Is your computer more stable today than it was in 1990?
As a piece of computing hardware, a 1990s desktop computer is essentially worthless today. By every metric anyone cares about, they are vastly exceeded by not just today’s desktop computers, but also by tablets and phones.
But unlike hardware, software has not
gotten universally better. While features and variety have improved, trust and reliability has, if anything, hit an all-time low. Even when software isn’t
malfunctioning due to proliferating bugs, it is forcing restarts, installing mandatory updates, becoming riddled with viruses and malware, covering every surface with ads, and routinely betraying the user’s confidentiality. Unlike that of yesteryear, software working in the morning today may well suddenly stop working in the afternoon, even if the user has done absolutely nothing in the interim.
The lack of platform competition is one important reason why computing has deteriorated.
For consumers, both the desktop and phone markets are now controlled by two operating systems each (Windows/Mac OS, and Android/iOS, respectively). In all cases, they are maintained by companies whose revenue does not primarily come from the sale of operating systems, and who have many incentives to pursue other goals that delivering the most stable, reliable, trustworthy experience. The operating system is never a product anymore — it is merely something users are forced to use based on the hardware they have chosen, and it is increasingly treated solely as a vehicle for pursuing the platform holders’ other business goals.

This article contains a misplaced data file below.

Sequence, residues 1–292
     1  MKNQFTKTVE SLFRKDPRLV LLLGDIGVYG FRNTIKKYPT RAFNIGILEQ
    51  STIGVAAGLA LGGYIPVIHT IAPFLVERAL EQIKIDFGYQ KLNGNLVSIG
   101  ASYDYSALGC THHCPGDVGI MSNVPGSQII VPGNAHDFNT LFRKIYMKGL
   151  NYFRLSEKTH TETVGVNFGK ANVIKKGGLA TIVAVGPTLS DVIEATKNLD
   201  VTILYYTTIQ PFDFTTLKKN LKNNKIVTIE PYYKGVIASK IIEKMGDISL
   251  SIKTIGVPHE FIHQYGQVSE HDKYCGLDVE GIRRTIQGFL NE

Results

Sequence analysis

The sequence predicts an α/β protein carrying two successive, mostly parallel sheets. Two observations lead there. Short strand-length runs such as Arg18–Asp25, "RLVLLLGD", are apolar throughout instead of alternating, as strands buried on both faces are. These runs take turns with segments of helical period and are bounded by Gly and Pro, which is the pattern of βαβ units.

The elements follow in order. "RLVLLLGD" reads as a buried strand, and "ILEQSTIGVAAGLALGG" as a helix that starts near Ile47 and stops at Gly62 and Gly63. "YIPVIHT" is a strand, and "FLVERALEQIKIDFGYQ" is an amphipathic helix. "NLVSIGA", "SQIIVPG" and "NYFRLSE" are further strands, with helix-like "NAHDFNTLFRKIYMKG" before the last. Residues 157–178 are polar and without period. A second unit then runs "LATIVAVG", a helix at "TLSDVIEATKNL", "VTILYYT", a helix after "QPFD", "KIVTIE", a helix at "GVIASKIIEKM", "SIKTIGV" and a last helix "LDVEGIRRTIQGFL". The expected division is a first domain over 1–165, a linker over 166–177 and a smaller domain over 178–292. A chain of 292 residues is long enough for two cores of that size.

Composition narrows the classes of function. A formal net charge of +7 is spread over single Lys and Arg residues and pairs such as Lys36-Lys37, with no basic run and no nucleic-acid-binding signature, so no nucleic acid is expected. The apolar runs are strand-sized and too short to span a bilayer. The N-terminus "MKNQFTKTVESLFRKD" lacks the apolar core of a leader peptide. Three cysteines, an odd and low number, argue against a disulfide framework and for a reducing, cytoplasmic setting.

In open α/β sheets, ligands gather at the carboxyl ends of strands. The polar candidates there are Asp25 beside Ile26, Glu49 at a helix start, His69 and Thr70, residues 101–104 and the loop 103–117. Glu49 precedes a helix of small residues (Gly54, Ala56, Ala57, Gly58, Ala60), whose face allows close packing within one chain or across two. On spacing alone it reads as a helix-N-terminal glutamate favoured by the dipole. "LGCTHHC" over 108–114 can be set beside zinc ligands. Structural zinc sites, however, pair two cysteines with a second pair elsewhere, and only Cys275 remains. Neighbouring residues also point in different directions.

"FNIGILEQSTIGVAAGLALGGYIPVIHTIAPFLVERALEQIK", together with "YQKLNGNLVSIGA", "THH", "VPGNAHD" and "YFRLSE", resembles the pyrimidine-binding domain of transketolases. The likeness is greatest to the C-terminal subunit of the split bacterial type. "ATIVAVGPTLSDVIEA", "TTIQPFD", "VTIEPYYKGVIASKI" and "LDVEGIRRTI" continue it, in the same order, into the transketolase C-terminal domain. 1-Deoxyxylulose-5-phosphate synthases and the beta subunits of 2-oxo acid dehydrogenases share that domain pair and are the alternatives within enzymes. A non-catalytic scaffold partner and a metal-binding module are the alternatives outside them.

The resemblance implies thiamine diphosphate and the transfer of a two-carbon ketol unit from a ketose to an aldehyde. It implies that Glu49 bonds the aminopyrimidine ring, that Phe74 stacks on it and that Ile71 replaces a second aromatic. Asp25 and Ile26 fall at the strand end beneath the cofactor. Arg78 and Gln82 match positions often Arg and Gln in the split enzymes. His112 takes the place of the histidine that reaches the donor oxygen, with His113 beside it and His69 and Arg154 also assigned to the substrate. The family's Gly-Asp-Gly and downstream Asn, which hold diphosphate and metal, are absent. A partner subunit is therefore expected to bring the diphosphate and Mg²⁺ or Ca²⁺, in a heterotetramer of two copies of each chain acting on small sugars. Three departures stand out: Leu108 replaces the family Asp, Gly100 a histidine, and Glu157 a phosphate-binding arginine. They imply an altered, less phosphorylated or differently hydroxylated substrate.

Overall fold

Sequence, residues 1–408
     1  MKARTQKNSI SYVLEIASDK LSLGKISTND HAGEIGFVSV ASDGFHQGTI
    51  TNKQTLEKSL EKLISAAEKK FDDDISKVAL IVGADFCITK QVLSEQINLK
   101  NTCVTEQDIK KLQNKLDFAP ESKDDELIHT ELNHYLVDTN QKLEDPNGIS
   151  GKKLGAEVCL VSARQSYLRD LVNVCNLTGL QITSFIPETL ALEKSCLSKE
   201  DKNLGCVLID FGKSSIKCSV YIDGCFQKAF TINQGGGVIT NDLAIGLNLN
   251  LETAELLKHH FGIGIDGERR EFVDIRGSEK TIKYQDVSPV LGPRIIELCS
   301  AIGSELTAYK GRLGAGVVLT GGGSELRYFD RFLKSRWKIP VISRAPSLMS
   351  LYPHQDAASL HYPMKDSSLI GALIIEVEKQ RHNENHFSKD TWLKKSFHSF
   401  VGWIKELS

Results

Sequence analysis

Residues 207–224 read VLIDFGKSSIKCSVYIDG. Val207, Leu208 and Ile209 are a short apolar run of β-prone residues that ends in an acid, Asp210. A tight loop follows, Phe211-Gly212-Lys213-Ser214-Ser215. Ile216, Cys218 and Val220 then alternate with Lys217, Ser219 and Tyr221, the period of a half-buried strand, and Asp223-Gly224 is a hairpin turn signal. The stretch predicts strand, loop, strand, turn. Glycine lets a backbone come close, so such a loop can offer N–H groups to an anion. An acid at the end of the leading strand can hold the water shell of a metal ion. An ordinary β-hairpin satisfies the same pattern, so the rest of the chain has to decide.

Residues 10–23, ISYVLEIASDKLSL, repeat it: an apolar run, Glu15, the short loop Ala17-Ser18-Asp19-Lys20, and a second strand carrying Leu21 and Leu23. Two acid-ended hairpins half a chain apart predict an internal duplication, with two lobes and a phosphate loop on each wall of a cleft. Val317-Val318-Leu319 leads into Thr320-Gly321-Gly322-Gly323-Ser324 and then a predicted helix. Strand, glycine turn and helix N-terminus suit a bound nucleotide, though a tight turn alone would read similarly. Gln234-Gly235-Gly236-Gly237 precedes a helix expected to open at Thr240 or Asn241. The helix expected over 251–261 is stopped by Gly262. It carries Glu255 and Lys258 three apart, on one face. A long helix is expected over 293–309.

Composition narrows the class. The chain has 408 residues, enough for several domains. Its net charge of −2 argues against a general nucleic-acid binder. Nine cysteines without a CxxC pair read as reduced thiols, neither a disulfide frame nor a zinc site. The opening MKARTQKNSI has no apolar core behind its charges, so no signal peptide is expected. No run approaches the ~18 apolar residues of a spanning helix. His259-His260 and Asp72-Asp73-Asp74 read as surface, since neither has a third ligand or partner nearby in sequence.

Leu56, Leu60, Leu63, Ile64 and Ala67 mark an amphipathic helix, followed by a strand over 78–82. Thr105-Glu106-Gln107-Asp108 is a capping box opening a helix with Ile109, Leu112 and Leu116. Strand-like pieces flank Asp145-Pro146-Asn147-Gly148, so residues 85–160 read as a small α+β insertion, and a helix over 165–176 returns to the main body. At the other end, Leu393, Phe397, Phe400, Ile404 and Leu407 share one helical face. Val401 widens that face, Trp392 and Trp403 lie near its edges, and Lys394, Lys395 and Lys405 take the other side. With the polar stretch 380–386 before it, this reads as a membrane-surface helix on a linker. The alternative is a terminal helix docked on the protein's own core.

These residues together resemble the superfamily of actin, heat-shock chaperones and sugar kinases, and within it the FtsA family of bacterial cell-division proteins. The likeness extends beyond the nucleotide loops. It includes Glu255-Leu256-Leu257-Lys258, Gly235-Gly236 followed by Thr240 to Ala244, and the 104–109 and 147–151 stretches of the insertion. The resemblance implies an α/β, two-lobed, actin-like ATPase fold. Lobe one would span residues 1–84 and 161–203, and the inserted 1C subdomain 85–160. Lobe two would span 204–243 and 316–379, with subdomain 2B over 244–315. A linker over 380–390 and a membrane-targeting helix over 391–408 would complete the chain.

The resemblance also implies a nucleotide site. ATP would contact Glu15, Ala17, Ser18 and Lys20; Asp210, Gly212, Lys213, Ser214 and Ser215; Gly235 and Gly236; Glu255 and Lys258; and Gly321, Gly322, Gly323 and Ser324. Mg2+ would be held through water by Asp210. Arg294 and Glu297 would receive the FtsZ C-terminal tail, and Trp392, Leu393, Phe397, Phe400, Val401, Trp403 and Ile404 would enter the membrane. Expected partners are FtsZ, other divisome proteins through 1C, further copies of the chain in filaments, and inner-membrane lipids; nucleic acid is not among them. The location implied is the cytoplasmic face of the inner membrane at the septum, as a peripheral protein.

The unchallenged duopoly on both major computing form factors is likely due to the fact that interfacing with consumer hardware is now so difficult that it would be impossible for any new operating system to enter the market. This may also be a major reason Linux, while incredibly successful as a server operating system, has yet to make significant inroads as a desktop consumer OS.
But what if hardware weren’t
so hard to control?
In this lecture, I lay out the case for instruction set architectures (ISAs) as a possible first step out of the software quality quagmire. While shipping a stable ISA is more expensive that shipping continually updated buggy drivers, the rewards both to hardware companies and to users could be significant, and would allow those of us who care about reliability to start tackling what I have come to call “The Thirty Million Line problem”:
Eventually, I’d really like to see a return to sensible, simple interface standards for hardware, and it seems like pushing for consolidation to a few reasonable ISAs is the best way to start.